Is setting up DMARC and SPF pretty straightforward, or does it require IT proficiency? My business/organization doesn't have an IT department.

To perform the basics, the info you need to add is pretty straightforward and well laid out in the authentication settings.  The hard part for many folks without an IT group is determining where your DNS records are hosted, and logging into to there.  Once you get past that hurdle, entering the info should be pretty easy.  This linked article has pointers to the top hosting providers – Update your DNS records through your hosting provider to finish setting up self-authentication



I don't use Gmail or Yahoo for my addresses. I already use my domain for sending. How does this impact me?

This will depend on whether you have set up self-authentication or not. See our Knowledge Base article that outlines different scenarios based on what you have (or have not) already done in regards to self-authentication.



What if I don't take action on my end before the changes take effect?

Constant Contact will automatically rewrite your 'From' address to our own domain (@shared1.ccsend.com ( or shared2.ccsend.com if you have a trial account)) which includes a DMARC record, so it meets authentication requirements. With that said, sending from your own domain and using self-authentication is an industry best practice as it provides better branding and may result in better deliverability.



My domain is used across multiple accounts. Do I need to do self-authentication for each account? Can the same domain be used for each account or do they need to be unique?

If the same domain is used in only a few accounts (less than 20) then you will need to set up self-authentication and enter a record for each account.  You can only do this with DKIM TXT.  Do not use CNAME authentication because that can only be set up for a single domain in 1 account.



I want to set up my domain. Does Constant Contact offer this service or do I need to go elsewhere?

Constant Contact does not offer hosting services. If you don't have a domain, you can get one from web hosting sites like bluehost.com or hostgator.com, or domain hosting sites like domain.com or bigrock.com. If you have your own website, check with your web hosting provider, webmaster, or IT department to enable the email option or add it to your hosting package, if one is available.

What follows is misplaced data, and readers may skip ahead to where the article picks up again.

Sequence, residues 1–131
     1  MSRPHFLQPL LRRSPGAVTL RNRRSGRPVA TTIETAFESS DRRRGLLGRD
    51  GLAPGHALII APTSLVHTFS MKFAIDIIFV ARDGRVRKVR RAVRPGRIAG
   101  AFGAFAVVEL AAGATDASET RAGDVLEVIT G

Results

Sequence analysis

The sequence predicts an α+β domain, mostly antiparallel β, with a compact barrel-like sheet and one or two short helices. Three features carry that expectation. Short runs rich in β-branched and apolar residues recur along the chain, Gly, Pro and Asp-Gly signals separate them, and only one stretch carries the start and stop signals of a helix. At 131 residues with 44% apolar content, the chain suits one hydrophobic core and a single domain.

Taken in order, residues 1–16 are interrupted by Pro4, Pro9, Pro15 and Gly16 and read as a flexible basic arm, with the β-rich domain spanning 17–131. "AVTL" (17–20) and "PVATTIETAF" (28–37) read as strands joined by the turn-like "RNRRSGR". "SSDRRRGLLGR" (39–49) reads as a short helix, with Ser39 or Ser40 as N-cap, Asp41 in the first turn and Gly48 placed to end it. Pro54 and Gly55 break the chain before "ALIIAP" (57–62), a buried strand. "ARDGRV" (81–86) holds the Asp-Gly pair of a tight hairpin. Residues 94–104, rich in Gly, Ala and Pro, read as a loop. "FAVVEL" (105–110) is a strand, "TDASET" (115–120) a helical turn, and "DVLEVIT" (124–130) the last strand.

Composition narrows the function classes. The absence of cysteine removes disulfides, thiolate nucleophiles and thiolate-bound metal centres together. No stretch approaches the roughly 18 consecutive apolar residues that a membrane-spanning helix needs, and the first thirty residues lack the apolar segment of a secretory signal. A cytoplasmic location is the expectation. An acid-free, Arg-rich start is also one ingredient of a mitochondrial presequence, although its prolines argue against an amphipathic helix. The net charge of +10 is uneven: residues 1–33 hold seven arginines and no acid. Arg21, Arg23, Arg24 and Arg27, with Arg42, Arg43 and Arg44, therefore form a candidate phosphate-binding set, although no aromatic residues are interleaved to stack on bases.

Is self-authentication beneficial for sending to all email clients? Only Gmail and Yahoo are being mentioned.

For sure. Authenticating your outbound email verifies to a receiving mailbox provider that a message came from your organization, or was sent on your behalf from an authorized third-party, like Constant Contact.

How does this affect my contacts? Is there anything they should be doing on their end that I need to let them know about? I know some of them use Gmail.

This should not have much impact on your contacts. If your sending "From" address will be changed, you could give your contacts a heads up ahead of time but this is not a requirement and we are not able to say if it would have a benefit. 

Will this change affect my reporting? I'm worried about my bounces increasing or my open rates decreasing.

Our research on our customer base has shown that properly authenticated mail tends to get better open/click rates. We know that some ISPs were already doing some form of this type of enforcement.  



Will these changes impact deliverability or the likelihood of emails going to junk/spam?

Both. There are several different requirements and degrees of compliance.  We anticipate that Google and Yahoo will bounce some mail while sending other mail to the spam/junk folder depending on their internal "secret sauce".  There is some indication this could change over time as they adjust their filtering.